Scientists use optogenetics to erase memories of drug addiction from rats

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A team of researchers has successfully erased cocaine-related memories in rats using optogenetics.

Researchers from the University of Pittsburgh School of Medicine made rats addicted to cocaine by giving them an infusion of cocaine each time the rats pressed a lever. The infusion would be accompanied by a tone and a light.

According to the paper published in the journal Cell Reports, the rats would then associate the tone and light with the cocaine high and would exhibit drug-seeking behavior by repeatedly pressing the lever.

The team studied electrical recordings from rat brain tissue and found essential connections between the medial geniculate nucleus and the lateral amygdala. These connections created memories that associated the cocaine high with external cues.

The team then used a biological technique called optogenetics to erase memories related to cocaine use. Optogenetics uses light to alter cell behavior. It allows scientists to turn neurons on or off selectively.

Rats that had memories related to cocaine erased pressed the lever fewer times than those who did not go through the optogenetic procedure. These rats also resisted the drug even when placed in a different environment.

RUNDOWN SHOWS:
1. Rats in the experiment receive cocaine infusion and audio-visual stimulation when they press a lever
2. Scientists study connections between the medial geniculate nucleus and the lateral amygdala
3. Scientists use optogenetics to erase memories of cocaine in the rats' brains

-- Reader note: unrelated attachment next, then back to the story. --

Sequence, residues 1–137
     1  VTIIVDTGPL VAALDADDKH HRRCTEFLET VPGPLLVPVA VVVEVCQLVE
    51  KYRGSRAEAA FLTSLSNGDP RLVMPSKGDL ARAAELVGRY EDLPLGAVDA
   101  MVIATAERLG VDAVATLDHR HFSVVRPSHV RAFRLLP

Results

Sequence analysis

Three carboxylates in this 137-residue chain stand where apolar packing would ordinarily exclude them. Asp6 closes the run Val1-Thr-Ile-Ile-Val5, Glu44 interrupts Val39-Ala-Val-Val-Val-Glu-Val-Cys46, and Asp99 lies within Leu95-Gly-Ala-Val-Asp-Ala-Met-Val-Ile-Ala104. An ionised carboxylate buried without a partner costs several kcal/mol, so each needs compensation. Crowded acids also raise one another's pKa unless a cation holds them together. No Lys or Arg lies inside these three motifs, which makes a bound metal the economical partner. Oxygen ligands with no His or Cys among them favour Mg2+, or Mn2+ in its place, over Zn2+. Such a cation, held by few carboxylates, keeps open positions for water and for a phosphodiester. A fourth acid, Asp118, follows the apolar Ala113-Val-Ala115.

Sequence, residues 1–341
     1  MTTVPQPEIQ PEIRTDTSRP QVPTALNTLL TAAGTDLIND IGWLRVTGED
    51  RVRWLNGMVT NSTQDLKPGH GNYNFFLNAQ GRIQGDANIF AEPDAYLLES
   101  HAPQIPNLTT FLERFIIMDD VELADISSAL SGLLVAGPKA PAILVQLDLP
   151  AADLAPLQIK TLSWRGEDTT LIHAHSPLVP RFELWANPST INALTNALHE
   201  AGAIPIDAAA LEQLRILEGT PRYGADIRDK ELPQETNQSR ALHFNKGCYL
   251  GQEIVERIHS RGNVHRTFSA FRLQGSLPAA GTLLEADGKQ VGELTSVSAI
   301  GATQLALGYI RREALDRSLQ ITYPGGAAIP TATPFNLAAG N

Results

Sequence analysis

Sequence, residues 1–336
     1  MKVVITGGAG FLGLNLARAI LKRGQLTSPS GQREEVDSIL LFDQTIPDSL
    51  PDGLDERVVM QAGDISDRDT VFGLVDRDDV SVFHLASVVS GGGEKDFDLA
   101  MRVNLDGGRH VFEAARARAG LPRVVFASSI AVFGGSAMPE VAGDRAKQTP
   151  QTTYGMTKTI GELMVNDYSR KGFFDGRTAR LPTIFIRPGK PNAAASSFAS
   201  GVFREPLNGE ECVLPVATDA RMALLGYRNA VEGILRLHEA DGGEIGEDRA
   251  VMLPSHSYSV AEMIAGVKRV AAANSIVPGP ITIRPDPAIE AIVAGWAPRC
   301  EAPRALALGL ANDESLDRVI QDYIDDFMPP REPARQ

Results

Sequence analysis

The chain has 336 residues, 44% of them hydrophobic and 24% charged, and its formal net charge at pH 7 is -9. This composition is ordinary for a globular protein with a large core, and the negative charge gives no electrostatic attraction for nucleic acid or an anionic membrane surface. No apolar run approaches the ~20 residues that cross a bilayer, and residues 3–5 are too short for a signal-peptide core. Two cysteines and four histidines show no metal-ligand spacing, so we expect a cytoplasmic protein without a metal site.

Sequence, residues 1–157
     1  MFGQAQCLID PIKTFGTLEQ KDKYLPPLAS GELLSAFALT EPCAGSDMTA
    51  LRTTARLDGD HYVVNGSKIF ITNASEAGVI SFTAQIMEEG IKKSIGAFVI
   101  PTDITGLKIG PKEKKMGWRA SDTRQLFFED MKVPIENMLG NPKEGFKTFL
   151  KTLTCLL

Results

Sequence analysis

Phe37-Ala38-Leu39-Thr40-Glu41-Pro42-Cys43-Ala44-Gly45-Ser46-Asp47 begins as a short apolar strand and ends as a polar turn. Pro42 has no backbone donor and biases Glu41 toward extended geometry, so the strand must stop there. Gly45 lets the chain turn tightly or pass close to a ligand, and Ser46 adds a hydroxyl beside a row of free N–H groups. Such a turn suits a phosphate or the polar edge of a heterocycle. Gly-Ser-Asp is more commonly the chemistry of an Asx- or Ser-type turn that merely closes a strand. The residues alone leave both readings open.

4. Rats that are subjected to optogenetics press lever fewer times

VOICEOVER (in English):

"Researchers from the University of Pittsburgh School of Medicine made rats addicted to cocaine by giving them an infusion of cocaine each time the rats pressed a lever. The infusion would be accompanied by a tone and a light."

"According to the paper published in the journal Cell Reports, the rats would then associate the tone and light with the cocaine high and would exhibit drug-seeking behavior by repeatedly pressing the lever."

"The team studied electrical recordings from rat brain tissue and found essential connections between the medial geniculate nucleus and the lateral amygdala. These connections created memories that associated the cocaine high with external cues."

"The team then used a biological technique called optogenetics to erase memories related to cocaine use. Optogenetics uses light to alter cell behavior. It allows scientists to turn neurons on or off selectively."

"Rats that had memories related to cocaine erased pressed the lever fewer times than those who did not go through the optogenetic procedure. These rats also resisted the drug even when placed in a different environment."


SOURCES:
Cell Reports, University of Pittsburgh School of Medicine, Futurism
https://www.cell.com/cell-reports/fulltext/S2211-1247(18)32080-1
https://www.upmc.com/media/news/012219-cocaine-relapse
https://futurism.com/the-byte/erasing-memories-cocaine-use-drug